When you go to a gig you expect the loud music and the press of bodies to keep you nice and warm but last night it was even colder inside the Barfly than it was outside.
In a city the size of Birmingham, for barely 40 people to make it out to see three decent, hotly-tipped bands is nothing short of embarrassing. I’m even being generous with 40 – deduct those of us sent along to review or photograph the gig, the promoters, the bar staff and the band members themselves… it doesn’t bear thinking about.
So, to the bands and Ox.Eagle.Lion.Man were first up. Singer Frederick Blood-Royale (crazy name, crazy guy) acts like Jarvis with demons. He stalks around the stage making like a mop-topped Nosferatu while the band churn up some suitably gothic (but not goth) ambience. He has a nice line in theatrical posturing although you get the impression that the torment doesn’t run that deep.
It was a bit Nick Cave and the Bad Seeds-lite, but I’d much rather see a band striking out in that direction than be supjected to yet another bunch of first-on-the-bill, Oasis/Stone Roses wannanbes. A decent start to the evening then.
Cazals weren’t quite what I was expecting. Being signed to a label like Kitsuné means that there’s no shortage of remixers available to point their tunes towards the dancefloor and so the songs that I do know, I realised I only know via samples. While I was expecting neon, synths and drum machines, the reality is sharp, power-pop.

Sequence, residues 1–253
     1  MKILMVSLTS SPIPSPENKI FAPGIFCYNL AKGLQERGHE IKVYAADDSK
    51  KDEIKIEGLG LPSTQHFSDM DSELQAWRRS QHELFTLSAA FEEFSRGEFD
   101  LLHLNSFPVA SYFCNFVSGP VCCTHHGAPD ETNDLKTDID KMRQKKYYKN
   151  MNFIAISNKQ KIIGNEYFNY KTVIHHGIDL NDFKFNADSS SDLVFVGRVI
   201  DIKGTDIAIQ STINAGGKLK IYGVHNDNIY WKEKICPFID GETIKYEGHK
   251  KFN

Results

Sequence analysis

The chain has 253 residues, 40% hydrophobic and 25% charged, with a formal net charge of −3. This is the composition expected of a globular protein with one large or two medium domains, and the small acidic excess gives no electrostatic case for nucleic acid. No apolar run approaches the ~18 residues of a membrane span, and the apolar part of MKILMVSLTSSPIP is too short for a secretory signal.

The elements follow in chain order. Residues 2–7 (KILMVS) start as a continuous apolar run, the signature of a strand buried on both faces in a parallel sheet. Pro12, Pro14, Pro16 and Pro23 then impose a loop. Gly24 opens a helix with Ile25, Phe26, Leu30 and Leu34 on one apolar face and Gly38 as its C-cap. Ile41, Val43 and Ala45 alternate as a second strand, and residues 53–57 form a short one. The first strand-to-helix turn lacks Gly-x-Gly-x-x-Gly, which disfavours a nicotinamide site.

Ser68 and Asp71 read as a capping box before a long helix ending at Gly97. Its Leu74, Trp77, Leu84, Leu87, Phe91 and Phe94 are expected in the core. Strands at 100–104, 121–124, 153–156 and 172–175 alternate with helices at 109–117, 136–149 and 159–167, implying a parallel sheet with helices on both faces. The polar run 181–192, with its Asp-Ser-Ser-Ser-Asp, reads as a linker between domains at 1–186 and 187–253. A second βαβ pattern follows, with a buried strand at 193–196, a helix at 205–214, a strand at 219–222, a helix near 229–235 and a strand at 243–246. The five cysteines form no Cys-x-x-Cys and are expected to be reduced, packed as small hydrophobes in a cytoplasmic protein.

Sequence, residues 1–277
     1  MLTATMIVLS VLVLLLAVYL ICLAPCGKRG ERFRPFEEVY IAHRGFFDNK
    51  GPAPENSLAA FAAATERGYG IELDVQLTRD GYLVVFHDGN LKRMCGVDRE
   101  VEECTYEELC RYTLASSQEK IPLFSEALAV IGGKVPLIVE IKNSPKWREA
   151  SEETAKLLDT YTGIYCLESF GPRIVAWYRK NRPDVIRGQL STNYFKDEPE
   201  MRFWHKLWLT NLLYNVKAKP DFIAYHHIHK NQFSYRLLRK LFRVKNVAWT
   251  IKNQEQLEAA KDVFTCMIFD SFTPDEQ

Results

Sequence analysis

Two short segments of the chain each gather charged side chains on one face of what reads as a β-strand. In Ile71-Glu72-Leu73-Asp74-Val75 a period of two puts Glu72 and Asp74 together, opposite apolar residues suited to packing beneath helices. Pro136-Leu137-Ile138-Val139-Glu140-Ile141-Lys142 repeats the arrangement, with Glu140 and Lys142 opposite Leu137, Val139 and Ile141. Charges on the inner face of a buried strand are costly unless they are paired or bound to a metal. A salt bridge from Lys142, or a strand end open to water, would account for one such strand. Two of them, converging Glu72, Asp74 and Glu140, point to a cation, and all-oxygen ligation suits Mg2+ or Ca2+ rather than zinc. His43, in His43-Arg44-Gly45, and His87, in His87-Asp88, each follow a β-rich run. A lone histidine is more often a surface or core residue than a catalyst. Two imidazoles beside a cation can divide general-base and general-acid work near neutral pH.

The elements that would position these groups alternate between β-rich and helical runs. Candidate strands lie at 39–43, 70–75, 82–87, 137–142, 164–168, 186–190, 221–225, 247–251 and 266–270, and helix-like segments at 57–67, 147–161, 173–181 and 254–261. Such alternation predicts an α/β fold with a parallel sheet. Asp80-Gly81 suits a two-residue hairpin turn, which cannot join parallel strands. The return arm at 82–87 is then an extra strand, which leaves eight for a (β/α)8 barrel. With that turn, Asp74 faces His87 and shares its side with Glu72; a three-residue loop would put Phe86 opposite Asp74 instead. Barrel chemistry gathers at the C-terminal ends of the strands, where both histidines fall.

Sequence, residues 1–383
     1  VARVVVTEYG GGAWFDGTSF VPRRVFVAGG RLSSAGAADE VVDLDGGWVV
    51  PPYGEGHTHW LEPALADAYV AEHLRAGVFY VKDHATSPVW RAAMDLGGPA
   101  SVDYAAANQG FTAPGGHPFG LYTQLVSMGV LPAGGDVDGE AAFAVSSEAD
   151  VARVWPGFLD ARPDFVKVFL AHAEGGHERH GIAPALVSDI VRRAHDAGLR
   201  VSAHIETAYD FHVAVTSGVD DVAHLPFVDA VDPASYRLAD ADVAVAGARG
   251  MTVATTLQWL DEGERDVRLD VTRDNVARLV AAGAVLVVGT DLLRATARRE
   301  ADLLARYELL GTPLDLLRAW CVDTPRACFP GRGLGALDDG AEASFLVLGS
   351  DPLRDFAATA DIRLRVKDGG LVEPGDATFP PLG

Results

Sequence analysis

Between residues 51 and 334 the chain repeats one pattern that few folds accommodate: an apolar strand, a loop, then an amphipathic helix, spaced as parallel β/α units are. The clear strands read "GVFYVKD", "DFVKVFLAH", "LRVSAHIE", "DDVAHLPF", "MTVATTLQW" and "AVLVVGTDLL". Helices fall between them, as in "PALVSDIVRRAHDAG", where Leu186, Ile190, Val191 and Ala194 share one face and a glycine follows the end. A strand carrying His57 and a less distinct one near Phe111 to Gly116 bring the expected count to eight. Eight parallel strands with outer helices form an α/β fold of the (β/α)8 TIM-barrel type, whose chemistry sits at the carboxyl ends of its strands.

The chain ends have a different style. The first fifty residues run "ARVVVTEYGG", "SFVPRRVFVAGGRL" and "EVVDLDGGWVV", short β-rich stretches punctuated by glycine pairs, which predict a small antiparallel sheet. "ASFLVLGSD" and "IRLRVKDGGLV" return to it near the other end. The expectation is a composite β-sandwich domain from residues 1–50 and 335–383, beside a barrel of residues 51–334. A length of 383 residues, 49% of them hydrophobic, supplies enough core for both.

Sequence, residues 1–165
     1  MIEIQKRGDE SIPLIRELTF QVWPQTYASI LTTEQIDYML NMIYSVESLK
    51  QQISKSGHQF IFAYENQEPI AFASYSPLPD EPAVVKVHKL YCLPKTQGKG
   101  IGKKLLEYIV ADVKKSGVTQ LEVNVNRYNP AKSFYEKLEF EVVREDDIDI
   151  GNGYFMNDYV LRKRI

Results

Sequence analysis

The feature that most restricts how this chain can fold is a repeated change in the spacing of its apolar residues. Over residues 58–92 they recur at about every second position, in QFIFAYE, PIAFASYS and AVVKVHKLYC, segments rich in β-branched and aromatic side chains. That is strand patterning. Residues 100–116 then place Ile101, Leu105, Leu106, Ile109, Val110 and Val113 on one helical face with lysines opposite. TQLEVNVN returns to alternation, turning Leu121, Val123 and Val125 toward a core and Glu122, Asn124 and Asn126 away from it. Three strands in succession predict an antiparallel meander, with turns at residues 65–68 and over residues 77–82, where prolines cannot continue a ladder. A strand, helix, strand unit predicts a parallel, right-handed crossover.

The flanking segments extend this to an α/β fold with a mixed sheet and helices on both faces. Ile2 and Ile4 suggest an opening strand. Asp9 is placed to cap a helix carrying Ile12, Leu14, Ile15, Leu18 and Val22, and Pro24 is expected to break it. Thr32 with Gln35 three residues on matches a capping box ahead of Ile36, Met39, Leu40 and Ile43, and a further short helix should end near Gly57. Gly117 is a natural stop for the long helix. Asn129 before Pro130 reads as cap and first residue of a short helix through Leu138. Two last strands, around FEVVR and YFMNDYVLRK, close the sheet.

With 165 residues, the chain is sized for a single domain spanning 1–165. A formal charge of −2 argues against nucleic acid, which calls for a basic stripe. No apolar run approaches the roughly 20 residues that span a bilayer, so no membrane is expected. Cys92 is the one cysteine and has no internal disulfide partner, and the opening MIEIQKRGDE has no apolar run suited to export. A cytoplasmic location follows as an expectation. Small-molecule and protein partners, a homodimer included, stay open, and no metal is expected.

‘Time Of Our Lives’, ‘New Boy In Town’ and ‘Cut A Long Story Short’ plough similar furrows, marrying lively guitar riffs and slightly gruff vocals. Now and then there’s a hint of an electro influence – a synth is brought into service a couple of times and one song starts and finished with the tick of a drum machine – but they’re a guitar band first and foremost.
The set was rounded off with new single ‘Life Is Boring’ and ‘Poor Innocent Boys’ and those of us that were there clapped appreciatively (not just to keep our hands warm as big-coated singer Phil recommended). The thing is, Cazals aren’t a band to be watched and admired from a distance; they’re a band to get involved with and move along and so were hamstrung by tonight’s circumstances.
Mercifully, given the cold, Cut Off Your Hands took to the stage slightly early and seemed keen to just give a good account of themselves and get out. The Auckland quartet trade in a similar sound to fellow co-headliners Cazals although they keep the tone a little lighter.
Singer Nick Johnstone didn’t seem at all happy, turning away from the sight of an empty venue at every chance and betraying his Martin Fry-clean-cut looks occasionally by leaning back and spitting above himself. An injcection of spit and bile didn’t hamper the songs though – ‘Still Fond’ was fast-pace jangle-pop, ‘You And I’ was a riot of staccatto guitars and vocals and although ‘Oh Girl’ took a poppier, more laidback approach the choruses retained an edge.
I was impressed by Cut Off Your Hands – a great band that more than kept up their side of the deal on a bad night. When Nick signed off by announcing ‘This has been the most depressing night of my life’ I could only sympathise.